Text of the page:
Course link:

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Skyline Webinars:


MaxQuant Summer School @ MPI Biochemistry

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Single Cell Proteomics Conference (including workshop days) @ Northeastern

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Classic Papers and Tutorials:

  1. Steen H, Mann M. The ABC's (and XYZ's) of peptide sequencing. Nat Rev Mol Cell Biol. 2004 Sep;5(9):699-711. doi: 10.1038/nrm1468. PMID: 15340378.

  2. Meier F, Park MA, Mann M. Trapped Ion Mobility Spectrometry and Parallel Accumulation-Serial Fragmentation in Proteomics. Mol Cell Proteomics. 2021;20:100138. doi: 10.1016/j.mcpro.2021.100138. Epub 2021 Aug 17. PMID: 34416385; PMCID: PMC8453224.
  3. Donnelly DP, Rawlins CM, DeHart CJ, Fornelli L, Schachner LF, Lin Z, Lippens JL, Aluri KC, Sarin R, Chen B, Lantz C, Jung W, Johnson KR, Koller A, Wolff JJ, Campuzano IDG, Auclair JR, Ivanov AR, Whitelegge JP, Paša-Tolić L, Chamot-Rooke J, Danis PO, Smith LM, Tsybin YO, Loo JA, Ge Y, Kelleher NL, Agar JN. Best practices and benchmarks for intact protein analysis for top-down mass spectrometry. Nat Methods. 2019 Jul;16(7):587-594. doi: 10.1038/s41592-019-0457-0. Epub 2019 Jun 27. PMID: 31249407; PMCID: PMC6719561.
  4. Catherman AD, Skinner OS, Kelleher NL. Top Down proteomics: facts and perspectives. Biochem Biophys Res Commun. 2014 Mar 21;445(4):683-93. doi: 10.1016/j.bbrc.2014.02.041. Epub 2014 Feb 17. PMID: 24556311; PMCID: PMC4103433.
  5. Tipton JD, Tran JC, Catherman AD, Ahlf DR, Durbin KR, Kelleher NL. Analysis of intact protein isoforms by mass spectrometry. J Biol Chem. 2011 Jul 22;286(29):25451-8. doi: 10.1074/jbc.R111.239442. Epub 2011 Jun 1. PMID: 21632550; PMCID: PMC3138281.
  6. Cox J, Hubner NC, Mann M. How much peptide sequence information is contained in ion trap tandem mass spectra? J Am Soc Mass Spectrom. 2008 Dec;19(12):1813-20. doi: 10.1016/j.jasms.2008.07.024. Epub 2008 Aug 7. PMID: 18757209.
  7. Cox J, Mann M. MaxQuant enables high peptide identification rates, individualized p.p.b.-range mass accuracies and proteome-wide protein quantification. Nat Biotechnol. 2008 Dec;26(12):1367-72. doi: 10.1038/nbt.1511. Epub 2008 Nov 30. PMID: 19029910.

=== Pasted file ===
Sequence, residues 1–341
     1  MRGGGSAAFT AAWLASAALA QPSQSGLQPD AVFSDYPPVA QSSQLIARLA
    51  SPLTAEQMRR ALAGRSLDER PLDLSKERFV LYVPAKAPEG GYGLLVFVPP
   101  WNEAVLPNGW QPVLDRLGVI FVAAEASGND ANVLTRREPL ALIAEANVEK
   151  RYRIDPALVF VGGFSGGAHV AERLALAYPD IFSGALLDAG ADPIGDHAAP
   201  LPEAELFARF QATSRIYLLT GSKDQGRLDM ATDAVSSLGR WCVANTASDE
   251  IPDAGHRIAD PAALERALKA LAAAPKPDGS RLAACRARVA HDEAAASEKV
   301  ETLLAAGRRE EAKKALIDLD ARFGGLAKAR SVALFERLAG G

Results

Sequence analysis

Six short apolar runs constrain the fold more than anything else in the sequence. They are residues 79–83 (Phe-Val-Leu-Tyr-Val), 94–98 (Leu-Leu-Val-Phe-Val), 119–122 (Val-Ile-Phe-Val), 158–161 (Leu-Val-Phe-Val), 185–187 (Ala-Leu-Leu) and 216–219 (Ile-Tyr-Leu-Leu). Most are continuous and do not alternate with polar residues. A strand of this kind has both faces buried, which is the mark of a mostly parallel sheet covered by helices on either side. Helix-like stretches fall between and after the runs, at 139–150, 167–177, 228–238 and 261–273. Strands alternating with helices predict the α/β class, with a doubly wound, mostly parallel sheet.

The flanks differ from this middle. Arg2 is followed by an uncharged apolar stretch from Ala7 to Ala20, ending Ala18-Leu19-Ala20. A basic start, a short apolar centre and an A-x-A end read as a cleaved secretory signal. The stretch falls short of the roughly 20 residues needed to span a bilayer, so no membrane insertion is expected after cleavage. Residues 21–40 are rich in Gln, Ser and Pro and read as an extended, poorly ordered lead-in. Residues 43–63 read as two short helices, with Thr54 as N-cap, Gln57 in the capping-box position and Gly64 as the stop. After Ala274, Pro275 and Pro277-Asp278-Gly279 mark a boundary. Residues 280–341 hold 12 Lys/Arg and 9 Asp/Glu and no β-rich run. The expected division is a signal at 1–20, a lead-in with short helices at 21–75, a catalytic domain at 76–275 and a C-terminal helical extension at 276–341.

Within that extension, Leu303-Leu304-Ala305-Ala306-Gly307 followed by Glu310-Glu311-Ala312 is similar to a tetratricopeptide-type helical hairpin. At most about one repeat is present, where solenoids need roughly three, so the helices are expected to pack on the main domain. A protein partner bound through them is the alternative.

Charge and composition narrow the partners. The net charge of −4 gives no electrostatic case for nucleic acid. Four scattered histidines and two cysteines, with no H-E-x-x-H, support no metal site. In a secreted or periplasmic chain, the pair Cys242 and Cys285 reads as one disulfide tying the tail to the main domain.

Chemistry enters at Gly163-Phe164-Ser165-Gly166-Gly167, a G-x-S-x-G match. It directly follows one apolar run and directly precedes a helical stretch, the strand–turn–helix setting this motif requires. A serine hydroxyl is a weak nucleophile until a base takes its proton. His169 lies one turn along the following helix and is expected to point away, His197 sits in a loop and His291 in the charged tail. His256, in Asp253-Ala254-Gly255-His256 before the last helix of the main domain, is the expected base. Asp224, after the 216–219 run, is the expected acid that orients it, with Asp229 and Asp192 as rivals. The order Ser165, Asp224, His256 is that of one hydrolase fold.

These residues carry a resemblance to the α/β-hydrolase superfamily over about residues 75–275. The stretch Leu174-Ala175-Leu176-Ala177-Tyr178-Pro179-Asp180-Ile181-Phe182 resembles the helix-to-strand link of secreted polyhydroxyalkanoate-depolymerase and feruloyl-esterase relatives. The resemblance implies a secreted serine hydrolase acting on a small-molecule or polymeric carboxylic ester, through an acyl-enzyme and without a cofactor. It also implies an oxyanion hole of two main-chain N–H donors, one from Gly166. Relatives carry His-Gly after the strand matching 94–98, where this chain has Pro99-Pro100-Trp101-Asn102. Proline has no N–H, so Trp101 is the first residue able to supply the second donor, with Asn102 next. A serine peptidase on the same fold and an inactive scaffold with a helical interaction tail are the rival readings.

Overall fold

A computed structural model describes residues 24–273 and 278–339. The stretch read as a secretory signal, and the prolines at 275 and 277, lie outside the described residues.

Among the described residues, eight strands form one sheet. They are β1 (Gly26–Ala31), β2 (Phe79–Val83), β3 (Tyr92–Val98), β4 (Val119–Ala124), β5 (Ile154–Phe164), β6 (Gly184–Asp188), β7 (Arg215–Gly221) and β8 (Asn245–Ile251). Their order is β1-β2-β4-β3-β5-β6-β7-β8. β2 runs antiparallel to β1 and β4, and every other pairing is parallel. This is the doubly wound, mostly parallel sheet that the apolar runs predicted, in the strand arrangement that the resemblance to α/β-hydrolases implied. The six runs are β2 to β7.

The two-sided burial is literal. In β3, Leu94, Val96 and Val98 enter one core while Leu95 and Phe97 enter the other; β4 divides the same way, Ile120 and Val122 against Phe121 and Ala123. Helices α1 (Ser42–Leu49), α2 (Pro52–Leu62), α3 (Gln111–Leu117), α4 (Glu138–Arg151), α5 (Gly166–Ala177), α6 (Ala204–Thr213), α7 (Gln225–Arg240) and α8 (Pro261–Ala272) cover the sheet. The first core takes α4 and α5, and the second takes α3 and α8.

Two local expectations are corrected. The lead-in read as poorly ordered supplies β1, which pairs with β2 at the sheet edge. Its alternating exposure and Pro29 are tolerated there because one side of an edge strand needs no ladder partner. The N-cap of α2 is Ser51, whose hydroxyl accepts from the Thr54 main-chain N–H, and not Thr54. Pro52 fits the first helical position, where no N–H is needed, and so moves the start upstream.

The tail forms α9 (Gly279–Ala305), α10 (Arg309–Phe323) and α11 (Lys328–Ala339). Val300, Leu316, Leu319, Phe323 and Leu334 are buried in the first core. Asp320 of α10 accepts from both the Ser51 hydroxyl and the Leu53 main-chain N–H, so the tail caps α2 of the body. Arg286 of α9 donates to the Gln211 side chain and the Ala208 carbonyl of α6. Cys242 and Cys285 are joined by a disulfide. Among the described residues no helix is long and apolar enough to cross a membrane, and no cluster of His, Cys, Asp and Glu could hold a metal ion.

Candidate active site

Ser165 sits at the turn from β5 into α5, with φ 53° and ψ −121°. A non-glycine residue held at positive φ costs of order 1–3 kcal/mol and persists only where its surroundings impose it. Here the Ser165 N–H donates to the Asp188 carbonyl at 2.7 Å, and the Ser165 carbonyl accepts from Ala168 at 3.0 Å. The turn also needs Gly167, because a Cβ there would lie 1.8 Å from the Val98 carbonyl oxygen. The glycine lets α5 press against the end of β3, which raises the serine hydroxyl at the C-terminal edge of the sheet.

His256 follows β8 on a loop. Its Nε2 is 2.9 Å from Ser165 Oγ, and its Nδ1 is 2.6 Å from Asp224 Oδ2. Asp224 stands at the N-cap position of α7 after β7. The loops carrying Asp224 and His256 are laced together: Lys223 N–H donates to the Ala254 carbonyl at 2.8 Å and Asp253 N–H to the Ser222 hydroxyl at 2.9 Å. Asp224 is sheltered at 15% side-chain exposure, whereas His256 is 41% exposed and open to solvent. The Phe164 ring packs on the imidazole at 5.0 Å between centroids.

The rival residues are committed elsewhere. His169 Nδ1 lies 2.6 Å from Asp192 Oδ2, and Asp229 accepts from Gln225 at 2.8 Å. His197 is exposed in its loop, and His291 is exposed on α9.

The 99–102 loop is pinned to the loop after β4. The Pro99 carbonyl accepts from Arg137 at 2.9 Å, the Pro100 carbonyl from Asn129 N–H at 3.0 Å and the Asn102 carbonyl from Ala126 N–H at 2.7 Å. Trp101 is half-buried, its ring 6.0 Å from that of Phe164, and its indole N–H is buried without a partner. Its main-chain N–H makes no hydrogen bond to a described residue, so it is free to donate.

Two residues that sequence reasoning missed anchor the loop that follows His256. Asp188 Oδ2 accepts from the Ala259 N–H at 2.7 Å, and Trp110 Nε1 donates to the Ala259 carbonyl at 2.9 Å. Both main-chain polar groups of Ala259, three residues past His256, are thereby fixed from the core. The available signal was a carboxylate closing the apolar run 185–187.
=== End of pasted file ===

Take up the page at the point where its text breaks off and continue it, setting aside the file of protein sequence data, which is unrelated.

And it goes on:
8. Breuker K, Jin M, Han X, Jiang H, McLafferty FW. Top-down identification and characterization of biomolecules by mass spectrometry. J Am Soc Mass Spectrom. 2008 Aug;19(8):1045-53. doi: 10.1016/j.jasms.2008.05.013. Epub 2008 May 28. PMID: 18571936; PMCID: PMC2538795.
  9. Smith LM, Kelleher NL; Consortium for Top Down Proteomics. Proteoform: a single term describing protein complexity. Nat Methods. 2013 Mar;10(3):186-7. doi: 10.1038/nmeth.2369. PMID: 23443629; PMCID: PMC4114032.
  10. McLafferty FW. A century of progress in molecular mass spectrometry. Annu Rev Anal Chem (Palo Alto Calif). 2011;4:1-22. doi: 10.1146/annurev-anchem-061010-114018. PMID: 21351881.
  11. Kelleher NL, Zubarev RA, Bush K, Furie B, Furie BC, McLafferty FW, Walsh CT. Localization of labile posttranslational modifications by electron capture dissociation: the case of gamma-carboxyglutamic acid. Anal Chem. 1999 Oct 1;71(19):4250-3. doi: 10.1021/ac990684x. PMID: 10517147.
  12. Čuklina J, Lee CH, Williams EG, Sajic T, Collins BC, Rodríguez Martínez M, Sharma VS, Wendt F, Goetze S, Keele GR, Wollscheid B, Aebersold R, Pedrioli PGA. Diagnostics and correction of batch effects in large-scale proteomic studies: a tutorial. Mol Syst Biol. 2021 Aug;17(8):e10240. doi: 10.15252/msb.202110240. PMID: 34432947; PMCID: PMC8447595.
  13. Ludwig C, Gillet L, Rosenberger G, Amon S, Collins BC, Aebersold R. Data-independent acquisition-based SWATH-MS for quantitative proteomics: a tutorial. Mol Syst Biol. 2018 Aug 13;14(8):e8126. doi: 10.15252/msb.20178126. PMID: 30104418; PMCID: PMC6088389.
  14. Sajic T, Liu Y, Aebersold R. Using data-independent, high-resolution mass spectrometry in protein biomarker research: perspectives and clinical applications. Proteomics Clin Appl. 2015 Apr;9(3-4):307-21. doi: 10.1002/prca.201400117. Epub 2015 Feb 23. PMID: 25504613.